Bryce knows that his shop has always done better when it’s not a destination. In fact, he’s used to supporting communities in a more holistic way.
“This has been an activist business since the beginning. The Curiosity Shop started out as a fundraiser for the Women’s International League for Peace and Freedom during the Vietnam War. We made wire peace symbols. So, this isn’t anything new for the Curiosity Shop, but the idea of a women’s museum, that’s a pretty new one,” he said.
Bryce describes his collection as a museum in a box – ready to go – except for one vital detail. In order to be the Corvallis Women’s Museum of Art, there would need to be local artists represented. Thankfully for Bryce, there’s no shortage of artists in town.
But he can’t just give the collection to the city – his entire life is wrapped up in every original painting and embroidered fabric in the spaces he inhabits. What he would be willing to donate is the jewelry – the largest collection of costume jewelry in the world – which could be sold to fund the museum. But he’s open to other ideas.
Beyond jewelry, textiles, photographs, and other art, Bryce has a lot of important documents, magazines, pins, comic books featuring women’s lib, and collectible cards. There’s even a set of tennis racket covers featuring caricatures of Billie Jean King and Bobby Riggs, showing the absurdity and historical significance of their famous match, the Battle of the Sexes. Every piece Bryce owns captures an important moment in time, and that is something he doesn’t take lightly.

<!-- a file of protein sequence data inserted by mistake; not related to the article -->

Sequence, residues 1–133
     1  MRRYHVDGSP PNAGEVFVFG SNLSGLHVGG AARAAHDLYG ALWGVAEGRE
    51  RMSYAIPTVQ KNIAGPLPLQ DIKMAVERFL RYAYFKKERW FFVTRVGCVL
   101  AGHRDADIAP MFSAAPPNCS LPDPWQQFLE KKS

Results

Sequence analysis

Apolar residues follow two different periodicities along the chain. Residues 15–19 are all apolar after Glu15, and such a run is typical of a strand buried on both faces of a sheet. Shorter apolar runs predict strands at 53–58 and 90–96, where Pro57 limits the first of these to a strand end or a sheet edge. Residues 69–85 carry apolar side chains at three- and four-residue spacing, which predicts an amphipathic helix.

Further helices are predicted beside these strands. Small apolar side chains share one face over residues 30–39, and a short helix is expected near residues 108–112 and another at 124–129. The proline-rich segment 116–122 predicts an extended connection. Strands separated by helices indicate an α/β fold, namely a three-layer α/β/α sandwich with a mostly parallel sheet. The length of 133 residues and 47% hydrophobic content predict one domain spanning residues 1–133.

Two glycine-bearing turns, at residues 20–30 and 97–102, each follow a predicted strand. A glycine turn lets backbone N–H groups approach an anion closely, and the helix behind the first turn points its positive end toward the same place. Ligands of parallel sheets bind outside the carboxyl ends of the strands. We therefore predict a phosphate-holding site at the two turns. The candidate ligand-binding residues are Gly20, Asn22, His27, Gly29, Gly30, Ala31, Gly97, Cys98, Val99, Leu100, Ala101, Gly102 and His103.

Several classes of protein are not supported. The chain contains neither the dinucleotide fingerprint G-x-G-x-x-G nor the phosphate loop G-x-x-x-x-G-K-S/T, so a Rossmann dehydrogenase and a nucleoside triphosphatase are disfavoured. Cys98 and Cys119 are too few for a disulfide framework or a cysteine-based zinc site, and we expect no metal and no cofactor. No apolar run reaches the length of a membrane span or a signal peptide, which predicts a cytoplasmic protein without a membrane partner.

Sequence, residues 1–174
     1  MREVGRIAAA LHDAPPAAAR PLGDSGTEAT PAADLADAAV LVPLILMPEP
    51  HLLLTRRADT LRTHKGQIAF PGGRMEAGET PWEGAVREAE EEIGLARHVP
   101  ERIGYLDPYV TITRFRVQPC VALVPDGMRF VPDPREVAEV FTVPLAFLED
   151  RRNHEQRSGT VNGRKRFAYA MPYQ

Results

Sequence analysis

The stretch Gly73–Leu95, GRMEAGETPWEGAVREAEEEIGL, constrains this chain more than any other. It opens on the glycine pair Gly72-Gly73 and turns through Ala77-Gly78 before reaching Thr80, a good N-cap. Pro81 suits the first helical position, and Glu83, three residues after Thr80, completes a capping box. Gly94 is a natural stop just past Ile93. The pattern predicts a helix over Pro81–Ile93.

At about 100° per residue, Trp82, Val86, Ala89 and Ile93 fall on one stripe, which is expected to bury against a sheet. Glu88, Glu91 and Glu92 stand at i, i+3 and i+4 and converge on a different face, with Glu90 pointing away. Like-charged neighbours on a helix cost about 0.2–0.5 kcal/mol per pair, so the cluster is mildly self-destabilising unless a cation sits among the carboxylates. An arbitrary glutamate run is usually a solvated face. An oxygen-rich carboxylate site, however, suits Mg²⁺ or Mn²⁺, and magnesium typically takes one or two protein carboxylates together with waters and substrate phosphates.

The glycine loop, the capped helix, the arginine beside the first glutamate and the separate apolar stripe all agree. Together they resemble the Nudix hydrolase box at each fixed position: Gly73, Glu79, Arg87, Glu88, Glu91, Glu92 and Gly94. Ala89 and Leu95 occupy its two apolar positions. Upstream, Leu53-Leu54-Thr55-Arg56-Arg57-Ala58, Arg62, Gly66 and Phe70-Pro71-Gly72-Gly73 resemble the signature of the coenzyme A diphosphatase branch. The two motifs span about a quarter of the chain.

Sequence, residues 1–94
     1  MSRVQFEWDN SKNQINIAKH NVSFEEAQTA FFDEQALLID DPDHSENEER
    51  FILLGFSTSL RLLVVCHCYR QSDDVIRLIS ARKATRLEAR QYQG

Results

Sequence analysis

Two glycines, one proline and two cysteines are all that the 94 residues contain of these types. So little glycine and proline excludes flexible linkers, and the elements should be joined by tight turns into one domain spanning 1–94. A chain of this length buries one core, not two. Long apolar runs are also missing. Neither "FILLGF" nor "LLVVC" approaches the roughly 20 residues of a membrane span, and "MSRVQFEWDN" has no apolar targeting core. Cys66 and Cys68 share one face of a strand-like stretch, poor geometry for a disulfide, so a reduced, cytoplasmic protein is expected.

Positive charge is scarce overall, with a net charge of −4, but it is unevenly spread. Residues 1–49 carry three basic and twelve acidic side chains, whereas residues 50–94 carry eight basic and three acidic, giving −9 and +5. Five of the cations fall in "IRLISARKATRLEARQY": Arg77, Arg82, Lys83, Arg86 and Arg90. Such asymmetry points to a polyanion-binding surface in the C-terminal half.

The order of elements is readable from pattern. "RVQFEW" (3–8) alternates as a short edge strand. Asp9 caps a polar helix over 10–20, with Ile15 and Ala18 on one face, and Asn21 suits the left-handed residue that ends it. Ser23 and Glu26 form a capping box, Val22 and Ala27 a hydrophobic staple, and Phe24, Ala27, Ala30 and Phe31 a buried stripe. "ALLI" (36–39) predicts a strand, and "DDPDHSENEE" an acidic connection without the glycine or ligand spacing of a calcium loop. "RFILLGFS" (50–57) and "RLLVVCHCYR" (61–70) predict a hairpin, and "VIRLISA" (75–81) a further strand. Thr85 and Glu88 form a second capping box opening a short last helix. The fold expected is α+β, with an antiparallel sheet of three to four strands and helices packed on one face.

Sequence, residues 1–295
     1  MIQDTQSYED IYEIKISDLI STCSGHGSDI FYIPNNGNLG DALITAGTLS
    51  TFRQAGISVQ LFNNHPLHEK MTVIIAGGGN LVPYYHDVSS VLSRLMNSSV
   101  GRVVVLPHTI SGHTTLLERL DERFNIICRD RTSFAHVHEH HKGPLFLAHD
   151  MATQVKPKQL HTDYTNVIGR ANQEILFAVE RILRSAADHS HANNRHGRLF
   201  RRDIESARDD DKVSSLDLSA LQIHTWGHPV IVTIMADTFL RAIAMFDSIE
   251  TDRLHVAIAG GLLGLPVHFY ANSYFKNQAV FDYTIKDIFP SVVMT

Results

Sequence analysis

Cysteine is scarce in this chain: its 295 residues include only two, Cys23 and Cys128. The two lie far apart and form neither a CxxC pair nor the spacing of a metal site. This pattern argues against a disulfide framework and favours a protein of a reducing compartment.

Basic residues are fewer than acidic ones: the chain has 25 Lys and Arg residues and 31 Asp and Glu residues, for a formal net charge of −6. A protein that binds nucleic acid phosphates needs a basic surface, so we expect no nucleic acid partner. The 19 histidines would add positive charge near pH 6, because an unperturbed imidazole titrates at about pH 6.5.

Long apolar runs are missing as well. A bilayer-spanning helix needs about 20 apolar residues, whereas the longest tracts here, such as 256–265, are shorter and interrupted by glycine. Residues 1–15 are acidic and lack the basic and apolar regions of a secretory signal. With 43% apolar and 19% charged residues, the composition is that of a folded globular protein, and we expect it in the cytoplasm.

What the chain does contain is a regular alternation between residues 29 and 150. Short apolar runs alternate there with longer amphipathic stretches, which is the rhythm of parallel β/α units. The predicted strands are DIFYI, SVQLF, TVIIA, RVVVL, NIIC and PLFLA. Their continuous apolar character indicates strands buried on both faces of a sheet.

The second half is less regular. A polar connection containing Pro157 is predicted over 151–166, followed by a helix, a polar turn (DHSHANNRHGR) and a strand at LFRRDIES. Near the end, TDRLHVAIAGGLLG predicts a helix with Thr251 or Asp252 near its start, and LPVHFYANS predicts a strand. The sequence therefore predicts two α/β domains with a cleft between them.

“You can see what I mean when I say this doesn’t belong in my living room. I don’t even come in here other than to work, because it’s oppressive. It’s overpowering,” he said as he pulled more pieces from his trunk, alluding to even more just out of sight.
Bryce hopes to be the last Kalousek with such a responsibility – the last of his family to be the guardian of such important relics from women’s history. That responsibility belongs to someone else now.
By Anika Lautenbach